|©1999 Red Stream
1. Guided By The Stars
2. Thiazi's Oyne
3. The Inverted Dimension
4. In The Raven's Shadow
5. In The Forest Of The Demons From Within
8. The Voice Of Blood
The last time I checked, France wasn't known for either its fjords or Viking conquests. So it's a mystery why Himinbjorg plays this "Viking metal" subgenre (well, according to black metal myth, the members are originally from Iceland, but we're not going to cloud this review's premise with facts). But it's no mystery that despite geography questions, they do it quite well. In the Raven's Shadow, the first full length by Himinbjorg (following a mini-CD from 1998), is an outstanding and thoroughly enjoyable album that dwells firmly within a style yet carves out its own niche.
There are naturally similarities between Himinbjorg and better known luminaries of this style. Early Enslaved, particularly Eld and Vikingligr Veldi, meshes with Falkenach to create an often speedy and energetic mixture. Keyboards are used throughout the CD, sometimes in an understudy's role and sometimes in the forefront, such as the neo-ambient "Dreamwalker". Himinbjorg effortlessly shifts between the faster black metal parts to slower, Viking-esque passages. Sounds of nature are occasionally sampled into the music. The vocals switch off from a standard issue black metal rasp to chants and somewhat offkey clean singing. However, that sort of singing has become a trademark of a lot of black metal bands, so it is more of a customary expectation than a turnoff. The one drawback to In the Raven's Shadow is that the production squashes the guitars a bit while giving the percussion a bit too much echo.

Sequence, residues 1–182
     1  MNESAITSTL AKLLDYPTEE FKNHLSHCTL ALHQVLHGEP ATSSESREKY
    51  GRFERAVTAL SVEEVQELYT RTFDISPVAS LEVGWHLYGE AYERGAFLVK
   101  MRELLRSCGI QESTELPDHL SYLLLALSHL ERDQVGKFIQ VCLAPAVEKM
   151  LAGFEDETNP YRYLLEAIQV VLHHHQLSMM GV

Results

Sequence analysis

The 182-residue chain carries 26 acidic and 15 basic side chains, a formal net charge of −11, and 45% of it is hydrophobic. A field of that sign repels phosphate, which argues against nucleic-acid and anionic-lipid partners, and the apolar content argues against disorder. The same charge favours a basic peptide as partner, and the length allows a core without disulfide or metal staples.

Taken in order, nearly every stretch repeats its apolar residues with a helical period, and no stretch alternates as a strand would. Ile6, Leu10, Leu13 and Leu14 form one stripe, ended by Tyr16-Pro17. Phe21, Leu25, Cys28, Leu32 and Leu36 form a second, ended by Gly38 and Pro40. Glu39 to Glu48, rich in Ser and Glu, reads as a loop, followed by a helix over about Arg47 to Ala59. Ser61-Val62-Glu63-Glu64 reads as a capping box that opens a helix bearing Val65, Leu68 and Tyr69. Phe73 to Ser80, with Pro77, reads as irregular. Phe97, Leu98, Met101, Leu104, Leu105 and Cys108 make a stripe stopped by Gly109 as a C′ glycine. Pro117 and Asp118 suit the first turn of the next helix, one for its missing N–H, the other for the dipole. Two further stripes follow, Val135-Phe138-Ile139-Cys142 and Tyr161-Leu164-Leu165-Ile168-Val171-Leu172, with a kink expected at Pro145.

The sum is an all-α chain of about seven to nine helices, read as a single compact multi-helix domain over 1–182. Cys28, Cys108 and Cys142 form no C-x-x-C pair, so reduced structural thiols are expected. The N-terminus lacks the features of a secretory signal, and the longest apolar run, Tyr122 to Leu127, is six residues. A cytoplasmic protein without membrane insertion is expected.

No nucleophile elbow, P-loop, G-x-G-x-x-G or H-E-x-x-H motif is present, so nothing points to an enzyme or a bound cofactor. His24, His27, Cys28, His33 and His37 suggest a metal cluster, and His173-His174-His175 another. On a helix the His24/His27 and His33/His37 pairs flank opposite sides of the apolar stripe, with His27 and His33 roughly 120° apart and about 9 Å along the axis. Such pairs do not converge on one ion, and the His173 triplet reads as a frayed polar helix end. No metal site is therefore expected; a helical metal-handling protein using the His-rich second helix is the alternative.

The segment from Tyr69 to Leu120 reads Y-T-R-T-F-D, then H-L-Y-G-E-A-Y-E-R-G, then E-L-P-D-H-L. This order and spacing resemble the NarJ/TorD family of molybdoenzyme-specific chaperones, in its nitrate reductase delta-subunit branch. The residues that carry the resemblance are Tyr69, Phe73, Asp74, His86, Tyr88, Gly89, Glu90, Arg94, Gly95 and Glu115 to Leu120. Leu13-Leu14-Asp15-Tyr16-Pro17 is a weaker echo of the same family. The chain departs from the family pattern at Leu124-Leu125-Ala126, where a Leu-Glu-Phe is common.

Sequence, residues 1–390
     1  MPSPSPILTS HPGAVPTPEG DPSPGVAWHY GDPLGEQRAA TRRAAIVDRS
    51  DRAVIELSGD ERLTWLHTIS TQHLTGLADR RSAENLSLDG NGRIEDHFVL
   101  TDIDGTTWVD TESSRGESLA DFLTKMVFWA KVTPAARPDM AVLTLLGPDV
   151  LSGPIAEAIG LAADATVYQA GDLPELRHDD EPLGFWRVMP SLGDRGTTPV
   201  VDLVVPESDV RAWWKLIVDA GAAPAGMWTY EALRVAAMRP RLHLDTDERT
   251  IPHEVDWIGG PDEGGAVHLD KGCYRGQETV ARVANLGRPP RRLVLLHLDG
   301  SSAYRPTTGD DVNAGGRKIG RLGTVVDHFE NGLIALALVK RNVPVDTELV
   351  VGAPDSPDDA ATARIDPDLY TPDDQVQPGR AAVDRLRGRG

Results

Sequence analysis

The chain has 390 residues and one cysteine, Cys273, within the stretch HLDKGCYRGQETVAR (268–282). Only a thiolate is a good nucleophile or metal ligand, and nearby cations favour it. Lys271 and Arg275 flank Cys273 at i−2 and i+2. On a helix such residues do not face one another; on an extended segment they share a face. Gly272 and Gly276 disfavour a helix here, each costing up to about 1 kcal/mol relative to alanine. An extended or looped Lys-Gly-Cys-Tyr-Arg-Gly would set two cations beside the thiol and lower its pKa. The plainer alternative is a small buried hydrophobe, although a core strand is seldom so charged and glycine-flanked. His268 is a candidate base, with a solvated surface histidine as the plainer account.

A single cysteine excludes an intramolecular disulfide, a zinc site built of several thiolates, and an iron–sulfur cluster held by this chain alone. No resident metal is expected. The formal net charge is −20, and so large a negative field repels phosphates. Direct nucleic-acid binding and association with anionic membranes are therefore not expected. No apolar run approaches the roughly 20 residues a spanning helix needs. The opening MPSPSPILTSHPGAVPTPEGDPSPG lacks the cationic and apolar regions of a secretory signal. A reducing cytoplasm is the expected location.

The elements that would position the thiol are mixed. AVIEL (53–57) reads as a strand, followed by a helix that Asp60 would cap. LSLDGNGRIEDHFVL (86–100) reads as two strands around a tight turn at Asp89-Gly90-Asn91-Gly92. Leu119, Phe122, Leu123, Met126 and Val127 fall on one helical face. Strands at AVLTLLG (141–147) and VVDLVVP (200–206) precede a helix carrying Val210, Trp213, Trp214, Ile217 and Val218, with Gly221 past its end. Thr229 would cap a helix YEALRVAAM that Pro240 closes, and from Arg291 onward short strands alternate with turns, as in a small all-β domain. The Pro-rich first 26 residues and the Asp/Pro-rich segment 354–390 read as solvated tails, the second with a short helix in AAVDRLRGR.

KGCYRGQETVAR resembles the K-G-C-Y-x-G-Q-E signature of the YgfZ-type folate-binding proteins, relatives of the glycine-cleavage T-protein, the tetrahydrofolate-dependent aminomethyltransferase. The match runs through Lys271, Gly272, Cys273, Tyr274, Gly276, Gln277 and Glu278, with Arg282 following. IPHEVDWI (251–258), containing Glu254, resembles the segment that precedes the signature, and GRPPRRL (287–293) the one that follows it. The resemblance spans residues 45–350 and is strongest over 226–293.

For whatever reason, Himinbjorg seems to be a relatively unknown participant in the so-called Viking Metal scene. They are certainly on par with Falkenbach for creating entirely engaging music. Moreover, fans of either Enslaved album mentioned above would most definitely find something of interest on this CD. The French may not have done too well in their twentieth century military endeavors, but perhaps they can go much further with a Viking approach.
Review by John Chedsey
Review date: 07/2003